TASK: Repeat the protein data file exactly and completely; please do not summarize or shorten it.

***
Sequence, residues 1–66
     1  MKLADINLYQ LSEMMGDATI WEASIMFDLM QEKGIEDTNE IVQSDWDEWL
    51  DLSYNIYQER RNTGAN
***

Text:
Sequence, residues 1–66
     1  MKLADINLYQ LSEMMGDATI WEASIMFDLM QEKGIEDTNE IVQSDWDEWL
    51  DLSYNIYQER RNTGAN